The drug candidate faces numerous efficacy and safety hurdles before moving forward to clinical testing. Here at the UPDDI we recognize the need for early identification of potential human toxicity and pharmacokinetic issues by creating a unique human liver microphysiological systems platform for drug testing before implementing preclinical animal testing. This goal is in keeping with the desire of the pharmaceutical industry, academic laboratories and regulators to replace or reduce the use of whole animals in drug development.
Liver exposure is one of the predominant cause of drug attrition during preclinical and clinical testing. This is due to drug-induced liver injury (DILI) but also by poor pharmacokinetic (PK) properties resulting from extensive metabolism and clearance.
Consequently, the UPDDI is developing human based multi-cellular models to test compounds for the drug researcher which better asses DILI. We base the liver models on identifying mechanisms or pathways of toxicity (MOT) linked to in vivo hepatocellular injury. These assays can be an end point assessment in human cell based moderate throughput screens for SAR testing, or in the microphysiology (MPS), microfluidic 4- human liver cell model which incorporates in life assays and live cell imaging to study toxicity induction over 4 weeks to assess chronic drug exposure. We offer a LC MS/MS human based microsomal and hepatocyte liver compound clearance assays for intrinsic clearance through a collaboration with the Pharmaceutical Sciences Mass Spectrometry laboratory. Together with collaborators throughout the United States, the DDI has successfully coupled four human MPS organ models together to create a unique platform for measuring pharmacokinetics.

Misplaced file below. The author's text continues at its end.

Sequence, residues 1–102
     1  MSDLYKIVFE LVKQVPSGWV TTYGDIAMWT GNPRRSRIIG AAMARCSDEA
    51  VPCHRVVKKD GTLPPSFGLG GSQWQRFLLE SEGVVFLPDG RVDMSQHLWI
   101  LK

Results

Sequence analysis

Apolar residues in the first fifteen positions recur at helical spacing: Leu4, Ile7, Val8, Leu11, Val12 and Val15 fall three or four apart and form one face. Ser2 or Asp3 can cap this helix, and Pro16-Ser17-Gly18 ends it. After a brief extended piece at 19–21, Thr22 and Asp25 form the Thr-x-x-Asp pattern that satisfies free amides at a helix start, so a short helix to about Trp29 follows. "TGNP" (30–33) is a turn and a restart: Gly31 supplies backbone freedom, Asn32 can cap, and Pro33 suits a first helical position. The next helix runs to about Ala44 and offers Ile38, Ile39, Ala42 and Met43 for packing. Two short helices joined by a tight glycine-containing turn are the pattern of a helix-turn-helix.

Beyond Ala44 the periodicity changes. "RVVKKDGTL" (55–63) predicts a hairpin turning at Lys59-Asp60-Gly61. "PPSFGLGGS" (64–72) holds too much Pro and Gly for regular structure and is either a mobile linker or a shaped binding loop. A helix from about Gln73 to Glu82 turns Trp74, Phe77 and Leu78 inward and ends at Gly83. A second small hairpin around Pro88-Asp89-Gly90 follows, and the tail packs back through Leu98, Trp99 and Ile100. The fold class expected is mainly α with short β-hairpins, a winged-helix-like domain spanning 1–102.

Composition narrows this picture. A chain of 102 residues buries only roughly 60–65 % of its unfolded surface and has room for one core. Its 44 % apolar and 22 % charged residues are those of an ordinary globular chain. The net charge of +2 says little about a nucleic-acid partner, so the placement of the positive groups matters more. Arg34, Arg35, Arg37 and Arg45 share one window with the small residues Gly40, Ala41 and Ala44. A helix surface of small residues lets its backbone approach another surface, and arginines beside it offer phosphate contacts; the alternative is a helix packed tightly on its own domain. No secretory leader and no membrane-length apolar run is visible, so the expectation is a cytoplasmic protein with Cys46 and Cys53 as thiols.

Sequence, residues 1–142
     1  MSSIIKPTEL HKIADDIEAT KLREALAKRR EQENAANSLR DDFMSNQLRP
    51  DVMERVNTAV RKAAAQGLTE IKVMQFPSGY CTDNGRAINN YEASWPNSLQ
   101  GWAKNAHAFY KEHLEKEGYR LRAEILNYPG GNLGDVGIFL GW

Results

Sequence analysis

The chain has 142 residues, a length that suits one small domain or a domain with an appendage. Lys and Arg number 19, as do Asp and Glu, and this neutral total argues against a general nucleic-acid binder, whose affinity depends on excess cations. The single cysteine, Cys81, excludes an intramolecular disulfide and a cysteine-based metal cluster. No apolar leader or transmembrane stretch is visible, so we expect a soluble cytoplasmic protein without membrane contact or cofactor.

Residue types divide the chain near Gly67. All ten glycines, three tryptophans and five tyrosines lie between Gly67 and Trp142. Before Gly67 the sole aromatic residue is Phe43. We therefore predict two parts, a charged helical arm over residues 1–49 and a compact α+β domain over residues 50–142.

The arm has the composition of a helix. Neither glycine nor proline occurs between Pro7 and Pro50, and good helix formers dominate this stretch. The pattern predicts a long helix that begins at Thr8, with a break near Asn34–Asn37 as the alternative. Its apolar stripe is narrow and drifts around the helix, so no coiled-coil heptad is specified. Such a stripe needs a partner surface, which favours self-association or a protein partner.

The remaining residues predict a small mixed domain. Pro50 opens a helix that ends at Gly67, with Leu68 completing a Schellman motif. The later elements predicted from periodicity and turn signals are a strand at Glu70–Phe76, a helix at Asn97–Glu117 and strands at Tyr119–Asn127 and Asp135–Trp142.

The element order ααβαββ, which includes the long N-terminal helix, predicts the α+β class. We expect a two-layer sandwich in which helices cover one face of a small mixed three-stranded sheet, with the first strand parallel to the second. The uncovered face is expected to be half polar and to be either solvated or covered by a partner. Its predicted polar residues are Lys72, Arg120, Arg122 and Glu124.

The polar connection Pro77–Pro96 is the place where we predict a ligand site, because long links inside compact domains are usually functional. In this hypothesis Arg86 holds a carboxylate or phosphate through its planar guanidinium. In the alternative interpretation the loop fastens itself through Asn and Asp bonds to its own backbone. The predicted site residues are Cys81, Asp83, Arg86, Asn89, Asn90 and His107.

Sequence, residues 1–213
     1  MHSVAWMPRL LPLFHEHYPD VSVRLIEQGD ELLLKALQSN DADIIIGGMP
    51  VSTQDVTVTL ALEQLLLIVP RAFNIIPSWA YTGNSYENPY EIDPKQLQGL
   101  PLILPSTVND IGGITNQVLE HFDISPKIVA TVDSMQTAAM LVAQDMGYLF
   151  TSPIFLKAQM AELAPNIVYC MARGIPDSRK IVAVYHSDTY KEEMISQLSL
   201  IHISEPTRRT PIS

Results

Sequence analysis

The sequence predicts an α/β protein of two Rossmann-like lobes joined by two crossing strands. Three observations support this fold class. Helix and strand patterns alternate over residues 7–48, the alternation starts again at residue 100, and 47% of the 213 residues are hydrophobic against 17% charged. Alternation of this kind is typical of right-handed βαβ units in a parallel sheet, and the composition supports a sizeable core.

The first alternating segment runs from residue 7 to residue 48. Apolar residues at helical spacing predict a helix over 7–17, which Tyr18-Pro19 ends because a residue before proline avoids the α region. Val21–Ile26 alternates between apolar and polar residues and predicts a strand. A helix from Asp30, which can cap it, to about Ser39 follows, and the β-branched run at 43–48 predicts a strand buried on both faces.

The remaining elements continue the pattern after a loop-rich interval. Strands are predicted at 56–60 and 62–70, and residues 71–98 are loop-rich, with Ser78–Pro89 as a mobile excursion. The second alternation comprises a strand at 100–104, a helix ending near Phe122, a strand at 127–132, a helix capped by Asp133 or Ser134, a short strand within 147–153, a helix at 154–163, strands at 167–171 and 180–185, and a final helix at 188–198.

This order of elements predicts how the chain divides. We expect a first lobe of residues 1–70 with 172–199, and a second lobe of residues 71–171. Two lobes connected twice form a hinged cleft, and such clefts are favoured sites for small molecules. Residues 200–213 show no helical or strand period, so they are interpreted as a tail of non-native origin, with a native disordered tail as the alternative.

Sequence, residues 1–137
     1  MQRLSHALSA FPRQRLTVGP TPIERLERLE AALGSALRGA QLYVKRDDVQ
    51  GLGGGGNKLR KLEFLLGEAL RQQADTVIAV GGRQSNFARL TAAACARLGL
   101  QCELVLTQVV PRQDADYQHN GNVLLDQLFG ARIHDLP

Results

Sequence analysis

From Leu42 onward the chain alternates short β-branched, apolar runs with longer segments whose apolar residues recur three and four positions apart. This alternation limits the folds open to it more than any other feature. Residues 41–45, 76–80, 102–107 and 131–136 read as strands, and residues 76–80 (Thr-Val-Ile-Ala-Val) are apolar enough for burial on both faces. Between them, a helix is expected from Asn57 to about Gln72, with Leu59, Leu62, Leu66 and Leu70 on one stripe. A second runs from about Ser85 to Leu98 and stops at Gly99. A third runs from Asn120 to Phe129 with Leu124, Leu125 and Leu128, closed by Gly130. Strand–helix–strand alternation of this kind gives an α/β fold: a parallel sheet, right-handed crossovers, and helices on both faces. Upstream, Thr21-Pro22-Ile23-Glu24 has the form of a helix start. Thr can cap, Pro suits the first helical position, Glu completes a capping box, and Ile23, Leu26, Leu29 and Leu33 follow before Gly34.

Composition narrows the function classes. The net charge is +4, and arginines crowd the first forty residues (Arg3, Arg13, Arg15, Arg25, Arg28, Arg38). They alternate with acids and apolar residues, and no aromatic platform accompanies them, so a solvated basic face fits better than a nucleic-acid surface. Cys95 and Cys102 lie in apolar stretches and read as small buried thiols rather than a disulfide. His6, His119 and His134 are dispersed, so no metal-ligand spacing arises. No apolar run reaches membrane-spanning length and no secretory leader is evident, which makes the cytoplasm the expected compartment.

QSP and In Vitro Toxicology:
The rat is not a small dog and the human is not a big mouse. This often-quoted maxim can be traced to historic animal testing which is at best 70-75% and at worst less than 50% predictive of sometimes rare but serious human drug treatment complications. Species dependent differences in absorption, distribution, metabolism, excretion (ADME) and genetic heterogeneity of cellular pathway processes accounts for many of these discrepancies. By adapting the QSP iterative approach to integrate in vitro experimentation with improved computational modeling, we are focusing toxicology research at the UPDDI on our nationally recognized ability to develop clinically relevant 3D, microfluidic human based models to better predict human ADME, drug safety and efficacy.